We've already pointed out that in its lame justification of the denial of California's waiver application, EPA smuggled in a new standard: that California has to show that the problems it's addressing are not global but local in order to get a waiver.
But even by this pulled-out-of-the-air standard, California has completely justified its waiver request. Global warming will in fact create "compelling and extraordinary" conditions in California. To take one example, heat is an essential ingredient in the toxic stew of ozone. A warmer climate means more days on which ozone is likely to form. And where are the very worst spots for ozone in the nation? According to EPA, they are all in California, which has the nation's ONLY "severe" ozone non-attainment area (Los Angeles), and the nation's ONLY "serious" ozone non-attainment areas (Sacramento, Riverside, San Joaquin).
To give another example, global warming will have a severe impact on California's water supplies. According to research sponsored by the US Department of Energy,
In the Central Valley of California, it will be impossible to meet current water sustem performance levels; impacts will be felt in reduced reliability of water supply deliveries, hydropwer production and in-stream flows. With less fresh water available, the Sacramento Delta could experience a dramatic increase in salinity and subsequent ecosystem disruption.
California will also suffer because global warming causes reduced snowpack levels, and the snowpack acts as a natural reservoir. Snowpack is a major source of drinking water for San Francisco, and probably constitutes about a third of California's overall surface water supply.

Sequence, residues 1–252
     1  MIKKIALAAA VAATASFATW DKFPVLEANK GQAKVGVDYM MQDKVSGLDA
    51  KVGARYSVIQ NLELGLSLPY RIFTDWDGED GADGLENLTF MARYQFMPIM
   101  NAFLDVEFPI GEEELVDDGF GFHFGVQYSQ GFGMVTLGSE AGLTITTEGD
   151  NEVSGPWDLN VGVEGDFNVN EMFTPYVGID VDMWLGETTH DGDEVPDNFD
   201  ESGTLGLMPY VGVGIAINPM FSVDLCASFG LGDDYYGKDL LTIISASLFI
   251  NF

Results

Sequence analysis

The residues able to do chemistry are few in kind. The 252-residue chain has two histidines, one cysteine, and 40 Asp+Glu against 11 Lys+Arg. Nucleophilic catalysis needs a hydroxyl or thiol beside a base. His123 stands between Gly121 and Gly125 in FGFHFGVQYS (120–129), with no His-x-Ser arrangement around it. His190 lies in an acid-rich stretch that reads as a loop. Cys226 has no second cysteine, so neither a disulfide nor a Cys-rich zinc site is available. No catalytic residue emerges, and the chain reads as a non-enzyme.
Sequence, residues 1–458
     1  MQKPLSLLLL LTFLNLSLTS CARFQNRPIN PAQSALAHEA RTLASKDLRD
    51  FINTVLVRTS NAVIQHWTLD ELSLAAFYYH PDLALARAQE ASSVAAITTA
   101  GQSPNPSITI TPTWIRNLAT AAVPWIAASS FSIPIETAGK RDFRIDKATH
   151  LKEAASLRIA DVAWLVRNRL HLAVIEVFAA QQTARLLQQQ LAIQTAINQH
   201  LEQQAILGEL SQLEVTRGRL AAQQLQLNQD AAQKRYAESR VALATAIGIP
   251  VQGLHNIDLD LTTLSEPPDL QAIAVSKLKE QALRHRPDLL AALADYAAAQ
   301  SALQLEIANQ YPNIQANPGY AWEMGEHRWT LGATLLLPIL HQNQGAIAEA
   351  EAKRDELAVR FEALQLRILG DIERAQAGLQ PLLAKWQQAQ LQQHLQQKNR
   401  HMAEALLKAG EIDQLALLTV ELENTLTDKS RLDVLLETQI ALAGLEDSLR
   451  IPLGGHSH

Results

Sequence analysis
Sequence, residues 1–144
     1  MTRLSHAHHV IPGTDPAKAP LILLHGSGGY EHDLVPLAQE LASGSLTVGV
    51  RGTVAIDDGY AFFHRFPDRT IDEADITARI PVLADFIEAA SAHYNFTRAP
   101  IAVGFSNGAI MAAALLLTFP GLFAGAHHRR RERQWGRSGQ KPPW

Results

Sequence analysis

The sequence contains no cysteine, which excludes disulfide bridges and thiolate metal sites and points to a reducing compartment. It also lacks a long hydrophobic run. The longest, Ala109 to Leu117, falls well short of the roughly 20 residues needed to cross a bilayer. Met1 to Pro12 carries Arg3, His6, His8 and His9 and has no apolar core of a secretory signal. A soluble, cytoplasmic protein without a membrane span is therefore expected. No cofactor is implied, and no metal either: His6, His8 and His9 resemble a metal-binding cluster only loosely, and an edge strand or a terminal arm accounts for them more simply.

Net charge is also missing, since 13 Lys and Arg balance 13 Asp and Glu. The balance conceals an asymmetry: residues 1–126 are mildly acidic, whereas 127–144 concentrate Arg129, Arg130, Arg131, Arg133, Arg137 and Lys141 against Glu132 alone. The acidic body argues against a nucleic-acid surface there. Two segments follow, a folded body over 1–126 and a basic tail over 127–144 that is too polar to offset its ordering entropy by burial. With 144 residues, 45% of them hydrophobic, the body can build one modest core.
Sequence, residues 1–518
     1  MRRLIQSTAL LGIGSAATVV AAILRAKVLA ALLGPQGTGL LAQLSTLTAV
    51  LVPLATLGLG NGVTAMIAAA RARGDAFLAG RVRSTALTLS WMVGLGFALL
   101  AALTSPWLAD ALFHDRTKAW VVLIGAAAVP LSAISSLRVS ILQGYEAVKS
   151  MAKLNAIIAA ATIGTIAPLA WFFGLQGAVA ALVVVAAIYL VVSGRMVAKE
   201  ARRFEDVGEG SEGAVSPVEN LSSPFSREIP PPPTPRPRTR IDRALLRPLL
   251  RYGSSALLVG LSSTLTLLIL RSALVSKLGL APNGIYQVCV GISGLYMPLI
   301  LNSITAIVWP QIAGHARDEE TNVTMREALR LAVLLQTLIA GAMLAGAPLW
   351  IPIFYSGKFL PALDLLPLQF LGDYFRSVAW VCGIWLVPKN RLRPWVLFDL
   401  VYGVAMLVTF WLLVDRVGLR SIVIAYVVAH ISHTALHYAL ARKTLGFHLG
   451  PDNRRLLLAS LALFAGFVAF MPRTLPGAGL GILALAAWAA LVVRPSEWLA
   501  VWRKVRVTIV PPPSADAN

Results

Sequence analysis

How is this not compelling and extraordinary? Administrator Johnson's explanation only makes sense if "extraordinary" means "exclusive to California," and not "really, really bad in California and somewhat less bad elsewhere." But that's an untenable read for two reasons (explained after the jump).
First, if California can only use the 209 waiver process to address conditions that occur only in California and nowhere else, then it makes no sense to allow other states to adopt California car standards. There would be no reason for it, since the other states would be trying to solve problems they don't have.
Second, the Supreme Court said in Mass v. EPA that the fact that global warming causes widespread harms is no reason to ignore the particular harms felt by a state seeking a remedy (slip op. p. 19-21). "Where a harm is concrete, though widely shared, the Court has found 'injury in fact.'" Johnson is hanging on to the very reasoning that the Court discredited in Mass v. EPA. Maybe that's why EPA's lawyers told Johnson that if he denied the wavier and California sued, "EPA [is] likely to lose suit."
When will Johnson learn that it's better just to follow the law --as it is written, not as he'd like it to be written-- the first time?